Technology+Marketing


BIT 742 Class Presentation

Posted in Guest Posts by dkurian on February 25, 2006

Since the beginning of time people have had the urge to share their views with the rest of the world. Be that in the form of scribbles on a cave, graffiti on the underpass or writings on a bathroom wall. There is something very therapeutic about getting your thoughts down on paper and in the past those writing diaries have been content with the satisfaction of knowing they’ve left a legacy.  Now one fine day, up pops the Internet.  A budding author no longer need be satisfied with the personal pleasure of putting thoughts into words.  With a click of a button their views can be shared across the world for all who wish to read.  This in itself is enough to spawn a whole generation of bloggers, but technology did not stop there. Not only did the internet allow you to publish your views online you could track how many people were reading your views.  If you stop to think about it, this is phenomenal. Cause and effect, positive reinforcement, potty training all connected by a Pavlovian response to feedback.  Hoards of bloggers, watching their statistics – competing to best the number of hits they get.  If this was not enough in came the Googlesque companies, willing to pay you for the number of clicks you send their way.  At no other time in history has it been so easy for one to get paid for your views. The nebulous currency of Clicks and Hits translates into real money at the end of the day.

Download BIT742_ClassPresentation.ppt

Download BIT742_ClassPresentation.htm

 

Yahoo! changes search engine marketing

Posted in technology by dkurian on February 24, 2006

I have tried my hand at search engine marketing in the past. The key is to find relevant keywords that are going to draw a lot of traffic. A common practice is for a company to bid on its competitors key words so that competing ads show up for the same search. This is a way to get consumers to consider an alternate to the brand name or incumbent competitor. Yahoo! has recently made that strategy more difficult. Personally, I’m not sure if this is the best decision for Yahoo! to make, especially if it wants to keep pace with Google.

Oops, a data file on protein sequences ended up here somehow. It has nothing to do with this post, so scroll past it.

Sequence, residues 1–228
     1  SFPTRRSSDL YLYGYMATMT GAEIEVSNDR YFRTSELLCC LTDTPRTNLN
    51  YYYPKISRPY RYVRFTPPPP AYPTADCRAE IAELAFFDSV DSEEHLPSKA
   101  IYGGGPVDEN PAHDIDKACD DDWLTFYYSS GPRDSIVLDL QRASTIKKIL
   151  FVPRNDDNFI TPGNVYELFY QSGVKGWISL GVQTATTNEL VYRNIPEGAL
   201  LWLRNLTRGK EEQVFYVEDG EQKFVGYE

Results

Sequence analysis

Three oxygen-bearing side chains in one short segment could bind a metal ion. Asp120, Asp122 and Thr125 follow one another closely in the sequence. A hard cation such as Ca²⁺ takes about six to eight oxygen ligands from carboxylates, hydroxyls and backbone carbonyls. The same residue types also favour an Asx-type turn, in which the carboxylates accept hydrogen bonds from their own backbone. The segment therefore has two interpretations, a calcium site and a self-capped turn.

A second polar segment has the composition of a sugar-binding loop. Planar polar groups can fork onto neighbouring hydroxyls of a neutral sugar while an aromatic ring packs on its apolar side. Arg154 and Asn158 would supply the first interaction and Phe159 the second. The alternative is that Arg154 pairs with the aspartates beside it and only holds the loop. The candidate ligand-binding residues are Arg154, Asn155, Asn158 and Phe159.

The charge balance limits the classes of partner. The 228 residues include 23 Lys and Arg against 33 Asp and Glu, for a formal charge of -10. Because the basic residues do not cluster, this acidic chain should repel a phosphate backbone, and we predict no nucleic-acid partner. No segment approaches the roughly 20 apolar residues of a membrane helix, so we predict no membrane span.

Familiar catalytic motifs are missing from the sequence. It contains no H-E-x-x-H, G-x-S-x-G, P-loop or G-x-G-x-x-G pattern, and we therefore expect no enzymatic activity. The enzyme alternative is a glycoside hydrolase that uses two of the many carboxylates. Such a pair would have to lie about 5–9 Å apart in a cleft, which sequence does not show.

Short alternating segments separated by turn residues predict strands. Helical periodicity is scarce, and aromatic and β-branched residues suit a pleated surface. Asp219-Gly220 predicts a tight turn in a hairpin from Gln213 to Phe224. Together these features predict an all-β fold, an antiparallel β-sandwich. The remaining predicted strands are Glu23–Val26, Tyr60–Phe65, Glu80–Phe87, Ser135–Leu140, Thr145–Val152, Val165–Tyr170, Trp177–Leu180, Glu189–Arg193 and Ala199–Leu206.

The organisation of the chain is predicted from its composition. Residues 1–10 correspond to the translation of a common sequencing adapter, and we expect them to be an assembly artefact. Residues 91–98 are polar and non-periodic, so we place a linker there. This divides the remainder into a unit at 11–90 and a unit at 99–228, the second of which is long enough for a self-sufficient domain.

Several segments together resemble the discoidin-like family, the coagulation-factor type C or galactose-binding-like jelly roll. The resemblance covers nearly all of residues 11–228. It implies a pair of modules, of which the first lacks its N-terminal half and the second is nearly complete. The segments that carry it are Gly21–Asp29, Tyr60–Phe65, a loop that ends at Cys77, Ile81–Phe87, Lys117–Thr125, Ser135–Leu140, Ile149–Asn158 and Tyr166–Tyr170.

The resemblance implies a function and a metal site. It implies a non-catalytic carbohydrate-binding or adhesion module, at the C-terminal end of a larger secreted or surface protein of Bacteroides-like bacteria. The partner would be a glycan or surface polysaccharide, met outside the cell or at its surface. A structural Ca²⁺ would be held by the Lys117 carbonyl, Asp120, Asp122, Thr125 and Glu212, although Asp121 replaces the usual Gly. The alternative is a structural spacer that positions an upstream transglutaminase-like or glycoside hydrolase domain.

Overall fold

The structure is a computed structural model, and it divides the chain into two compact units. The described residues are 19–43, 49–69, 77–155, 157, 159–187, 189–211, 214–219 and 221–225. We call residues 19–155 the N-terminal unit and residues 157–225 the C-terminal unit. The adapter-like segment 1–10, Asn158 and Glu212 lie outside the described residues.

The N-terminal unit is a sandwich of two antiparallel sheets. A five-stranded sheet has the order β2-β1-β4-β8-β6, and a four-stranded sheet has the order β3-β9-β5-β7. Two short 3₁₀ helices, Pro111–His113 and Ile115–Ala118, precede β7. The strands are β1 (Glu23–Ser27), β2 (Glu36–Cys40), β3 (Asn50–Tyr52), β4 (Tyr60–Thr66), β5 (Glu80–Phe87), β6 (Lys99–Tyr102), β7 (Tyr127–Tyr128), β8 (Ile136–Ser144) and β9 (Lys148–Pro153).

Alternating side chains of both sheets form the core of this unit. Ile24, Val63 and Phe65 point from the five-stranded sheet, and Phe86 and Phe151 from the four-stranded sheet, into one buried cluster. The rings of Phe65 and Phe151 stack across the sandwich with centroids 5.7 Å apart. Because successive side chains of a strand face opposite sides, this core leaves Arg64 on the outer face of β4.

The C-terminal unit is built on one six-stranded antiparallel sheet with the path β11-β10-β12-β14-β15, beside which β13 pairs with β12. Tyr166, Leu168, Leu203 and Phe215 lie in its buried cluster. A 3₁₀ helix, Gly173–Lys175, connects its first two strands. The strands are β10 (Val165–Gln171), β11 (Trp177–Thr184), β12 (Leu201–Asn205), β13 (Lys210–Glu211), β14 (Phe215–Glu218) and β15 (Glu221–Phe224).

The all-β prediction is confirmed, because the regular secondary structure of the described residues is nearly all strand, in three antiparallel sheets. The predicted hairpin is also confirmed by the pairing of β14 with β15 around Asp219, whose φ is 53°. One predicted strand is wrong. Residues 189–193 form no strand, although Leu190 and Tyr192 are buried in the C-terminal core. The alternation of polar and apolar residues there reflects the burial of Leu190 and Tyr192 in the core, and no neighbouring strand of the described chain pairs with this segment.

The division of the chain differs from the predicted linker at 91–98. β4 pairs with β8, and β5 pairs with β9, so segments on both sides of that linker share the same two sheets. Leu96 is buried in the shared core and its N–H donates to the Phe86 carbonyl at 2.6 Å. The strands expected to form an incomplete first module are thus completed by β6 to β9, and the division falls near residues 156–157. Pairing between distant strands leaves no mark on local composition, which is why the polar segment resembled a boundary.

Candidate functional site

Chris Gilmer chimes in on Yahoo!’s decision in thesearchenginemarketingblog. Check it out here.

RIM decision due soon

Posted in business,technology by dkurian on February 24, 2006

I’ve read some pretty interesting commentary about the potential destruction of the Blackberry. The most entertaining part of these posts has been the comments. I personally don’t use a Blackberry and I haven’t bothered to set my Treo up for email as I prefer to keep email to my computer, but I know email by Blackberry is a lifeline for a lot of professionals. Here’s a list of some of the sites talking about the issue.

It’s all in the name

Posted in technology by dkurian on February 24, 2006

As a part of my Blogging Bootcamp class we discussed naming your blog and picking a url for the blog. On the B2Day blog I found a list of ideas for naming your startup or new product that I think are just as applicable to naming a blog or website. This list of ideas comes from post by Guy Kawasaki. Here’s an excerpt of his post:

  • Begin with letters early in the alphabet. Here’s the scenario: you bought a booth at a massive trade show like Comdex. The list of exhibitors in the show guide is alphabetized. Would you rather be listed in the front of the guide or at back of the guide? Another scenario: A reviewer analyzes a dozen or so products. She lists them in alphabetical order in the review. Would you prefer that your product be at the beginning or end of the list?